With its tiered roof of interlocking clay tiles, latticed wooden exterior and exposed beams, the new Issey Miyake Kyoto flagship, located in the city’s Nakagyo area, is more than just a store; it’s a celebration of one of Kyoto’s best-known traditional structures — the machiya (merchant townhouse).
Issey Miyake, famed for weaving together cutting-edge design with
traditional Japanese values and craftsmanship, the 132-year-old machiya
is the result of years of searching for the ideal space for its first
stand-alone store in Kyoto, a city steeped in historical significance.
Conceived by Naoto Fukasawa, a longtime Issey Miyake
design collaborator and current director of The Japan Folk Crafts
Museum, the structure’s overarching palette of soft grays is inspired by
the color of sumi (charcoal) and highlights the machiya’s
original architectural features. Walls, sheathed in plaster blended with
charcoal, meet a slightly duskier shade of concrete floor, while
overhead wooden beams accentuate the structure’s high ceiling and open
mezzanine. Letting in natural light from the rear is a glass wall that
looks out onto a slate path that cuts through a bed of smooth gray
pebbles and leads to another traditional feature, the machiya’s kura (storehouse), now the Issey Miyake Kyoto gallery space.
Innovation and tradition: The first floor of Issey Miyake Kyoto
showcases Issey Miyake items, selected to match the ambience of the
interior. © ISSEY MIYAKE INC. Photography: Masaya Yoshimura, Copist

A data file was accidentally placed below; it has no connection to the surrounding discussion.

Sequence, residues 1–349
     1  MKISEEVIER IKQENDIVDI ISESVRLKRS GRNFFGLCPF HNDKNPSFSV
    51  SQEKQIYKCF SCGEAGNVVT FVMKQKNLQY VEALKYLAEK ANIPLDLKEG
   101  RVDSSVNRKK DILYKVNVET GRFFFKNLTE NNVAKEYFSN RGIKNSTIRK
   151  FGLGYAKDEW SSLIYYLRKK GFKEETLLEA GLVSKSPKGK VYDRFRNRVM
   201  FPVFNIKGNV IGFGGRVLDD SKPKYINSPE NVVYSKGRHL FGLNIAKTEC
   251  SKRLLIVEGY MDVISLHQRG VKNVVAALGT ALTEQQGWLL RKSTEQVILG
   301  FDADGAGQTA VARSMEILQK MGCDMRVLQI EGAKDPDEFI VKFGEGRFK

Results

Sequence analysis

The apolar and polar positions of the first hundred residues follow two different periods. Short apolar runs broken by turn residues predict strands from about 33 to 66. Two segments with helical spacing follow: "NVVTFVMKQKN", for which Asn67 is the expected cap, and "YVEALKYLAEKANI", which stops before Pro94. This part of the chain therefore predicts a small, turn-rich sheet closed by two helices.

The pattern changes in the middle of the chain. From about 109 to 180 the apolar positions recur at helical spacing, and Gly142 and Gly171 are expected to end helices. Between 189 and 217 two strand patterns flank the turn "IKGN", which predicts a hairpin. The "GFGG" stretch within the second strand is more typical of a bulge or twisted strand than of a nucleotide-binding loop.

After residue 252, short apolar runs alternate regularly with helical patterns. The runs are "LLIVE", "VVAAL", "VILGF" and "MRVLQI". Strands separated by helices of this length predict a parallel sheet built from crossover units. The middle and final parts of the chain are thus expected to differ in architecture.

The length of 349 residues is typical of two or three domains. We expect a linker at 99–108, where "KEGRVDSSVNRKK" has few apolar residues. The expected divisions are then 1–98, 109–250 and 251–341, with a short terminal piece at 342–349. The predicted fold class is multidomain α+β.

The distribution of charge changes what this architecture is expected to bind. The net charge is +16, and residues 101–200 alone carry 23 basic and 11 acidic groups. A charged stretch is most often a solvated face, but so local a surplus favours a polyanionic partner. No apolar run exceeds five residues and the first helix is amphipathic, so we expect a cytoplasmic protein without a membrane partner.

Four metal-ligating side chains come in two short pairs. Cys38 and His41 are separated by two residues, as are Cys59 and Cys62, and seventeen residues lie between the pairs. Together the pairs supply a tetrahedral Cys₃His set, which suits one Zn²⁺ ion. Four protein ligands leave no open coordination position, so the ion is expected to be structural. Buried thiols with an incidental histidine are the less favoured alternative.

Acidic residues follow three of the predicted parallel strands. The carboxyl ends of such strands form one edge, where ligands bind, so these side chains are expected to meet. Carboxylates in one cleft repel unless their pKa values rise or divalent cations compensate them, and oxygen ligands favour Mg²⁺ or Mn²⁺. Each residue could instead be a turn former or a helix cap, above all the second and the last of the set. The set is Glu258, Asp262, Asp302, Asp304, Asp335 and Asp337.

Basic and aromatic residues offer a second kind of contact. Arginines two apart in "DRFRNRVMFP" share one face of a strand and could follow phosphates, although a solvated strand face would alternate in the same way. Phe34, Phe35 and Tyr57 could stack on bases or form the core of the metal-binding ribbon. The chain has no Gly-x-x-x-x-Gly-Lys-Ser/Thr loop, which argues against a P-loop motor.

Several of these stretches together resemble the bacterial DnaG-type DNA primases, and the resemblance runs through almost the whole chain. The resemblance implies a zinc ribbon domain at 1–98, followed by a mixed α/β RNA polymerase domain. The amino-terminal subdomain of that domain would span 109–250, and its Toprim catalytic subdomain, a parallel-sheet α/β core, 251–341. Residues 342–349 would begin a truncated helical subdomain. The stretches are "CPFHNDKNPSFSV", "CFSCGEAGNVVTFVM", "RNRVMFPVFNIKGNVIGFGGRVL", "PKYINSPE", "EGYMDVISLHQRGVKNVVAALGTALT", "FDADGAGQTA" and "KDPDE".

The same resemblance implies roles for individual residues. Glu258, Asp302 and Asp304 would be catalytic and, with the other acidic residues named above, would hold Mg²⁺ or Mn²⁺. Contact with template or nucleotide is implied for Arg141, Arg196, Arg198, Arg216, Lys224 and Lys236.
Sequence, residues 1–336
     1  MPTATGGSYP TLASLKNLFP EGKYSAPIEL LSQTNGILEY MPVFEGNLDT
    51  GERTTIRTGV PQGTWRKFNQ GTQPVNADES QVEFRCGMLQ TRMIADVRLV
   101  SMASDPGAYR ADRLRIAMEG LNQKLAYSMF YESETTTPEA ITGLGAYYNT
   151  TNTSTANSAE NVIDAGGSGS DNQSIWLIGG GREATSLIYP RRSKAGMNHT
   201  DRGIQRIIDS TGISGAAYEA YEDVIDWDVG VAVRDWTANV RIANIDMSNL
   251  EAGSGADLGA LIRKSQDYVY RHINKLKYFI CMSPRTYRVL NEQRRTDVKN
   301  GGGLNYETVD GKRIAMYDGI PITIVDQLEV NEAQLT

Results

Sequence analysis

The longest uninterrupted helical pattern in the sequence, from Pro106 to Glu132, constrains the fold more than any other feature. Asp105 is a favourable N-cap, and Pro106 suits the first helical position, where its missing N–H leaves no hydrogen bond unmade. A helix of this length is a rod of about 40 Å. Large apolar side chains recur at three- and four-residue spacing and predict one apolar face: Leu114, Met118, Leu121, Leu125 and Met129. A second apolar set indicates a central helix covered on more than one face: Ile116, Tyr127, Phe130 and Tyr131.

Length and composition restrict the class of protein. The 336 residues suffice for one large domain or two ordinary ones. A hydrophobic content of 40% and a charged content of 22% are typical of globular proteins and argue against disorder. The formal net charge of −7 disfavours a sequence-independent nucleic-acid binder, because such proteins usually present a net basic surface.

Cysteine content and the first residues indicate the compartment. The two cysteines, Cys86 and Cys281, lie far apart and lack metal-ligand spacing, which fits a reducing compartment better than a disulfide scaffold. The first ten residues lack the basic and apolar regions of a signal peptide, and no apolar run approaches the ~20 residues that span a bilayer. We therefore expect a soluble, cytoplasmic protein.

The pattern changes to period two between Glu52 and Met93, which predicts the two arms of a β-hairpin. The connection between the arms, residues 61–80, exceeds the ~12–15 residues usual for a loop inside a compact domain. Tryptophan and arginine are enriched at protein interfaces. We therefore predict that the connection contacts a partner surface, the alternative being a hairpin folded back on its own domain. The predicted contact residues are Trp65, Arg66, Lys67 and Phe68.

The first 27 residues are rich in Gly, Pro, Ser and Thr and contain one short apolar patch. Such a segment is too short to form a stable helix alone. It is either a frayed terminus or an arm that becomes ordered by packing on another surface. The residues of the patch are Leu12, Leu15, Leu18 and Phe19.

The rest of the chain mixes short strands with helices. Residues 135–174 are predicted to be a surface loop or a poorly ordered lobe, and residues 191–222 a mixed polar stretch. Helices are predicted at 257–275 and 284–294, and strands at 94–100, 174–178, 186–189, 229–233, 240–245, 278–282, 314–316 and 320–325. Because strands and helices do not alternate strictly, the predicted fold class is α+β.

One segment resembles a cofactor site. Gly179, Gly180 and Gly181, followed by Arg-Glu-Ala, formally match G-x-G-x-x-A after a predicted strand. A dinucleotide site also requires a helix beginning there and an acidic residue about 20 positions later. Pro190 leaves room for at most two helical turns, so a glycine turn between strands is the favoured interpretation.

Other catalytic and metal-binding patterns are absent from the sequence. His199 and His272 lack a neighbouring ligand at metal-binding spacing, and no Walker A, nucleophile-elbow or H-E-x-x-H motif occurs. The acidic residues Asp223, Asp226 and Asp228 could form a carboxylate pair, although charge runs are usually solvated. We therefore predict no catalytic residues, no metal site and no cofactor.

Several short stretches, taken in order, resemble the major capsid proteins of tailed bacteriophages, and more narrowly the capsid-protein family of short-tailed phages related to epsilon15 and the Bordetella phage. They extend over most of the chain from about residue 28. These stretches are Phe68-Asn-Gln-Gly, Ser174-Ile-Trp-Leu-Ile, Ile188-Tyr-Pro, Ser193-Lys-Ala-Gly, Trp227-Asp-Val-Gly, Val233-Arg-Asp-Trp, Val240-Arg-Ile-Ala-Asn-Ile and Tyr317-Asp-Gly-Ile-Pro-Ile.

Fukasawa’s meticulous use of modulated grays, which reportedly included
checking the shade of each of the pebbles, the collection of garments
and accessories on the first floor is thoughtfully chosen to match the
ambience of the space. Against one wall you’ll find selections from
Issey Miyake Men and Homme Plisse Miyake in an exquisitely tailored
study of function and comfort, while opposite geometric Bao Bao Issey
Miyake bags hang in complementing accent colors. In between, large
glass-and-wood display cases draw light and attention to other bags and
accessories, including watches, glasses and hats.
The gray color
scheme, crafted and applied by traditional Kyoto plasterers, extends to
the exterior of the small Kura gallery, which will host several events a
year. Its inaugural exhibition, — a presentation of works by Ikko
Tanaka — pairs faithful replicas of the renowned late graphic designer’s
vibrant prints with pieces from the Ikko Tanaka Issey Miyake No. 3
collection. It’s an unexpected riot of colors that continues on the
machiya’s wooden mezzanine shop floor, where other pieces from the
collection can also be found.
Outside, in the pebble-carpeted courtyard, a return to subtle details enhances the space’s meditative quality. In spring, a dankoubai (Japanese spice tree) promises to punctuate the grays with yellow buds; in summer, a yamaboshi
(Japanese strawberry tree) will bloom white, while in autumn it will
bear red berries, signaling the passing season. Similarly, the
storefront’s traditional ramie noren, a discreet design by Katsumi
Asaba, will be rotated from off-white to natural ramie to black.
The Kura (storehouse) gallery is currently showing an exhibition in
honor of the late graphic designer Ikko Tanaka. | © ISSEY MIYAKE INC.
PHOTOGRAPHY: MASAYA YOSHIMURA, COPIST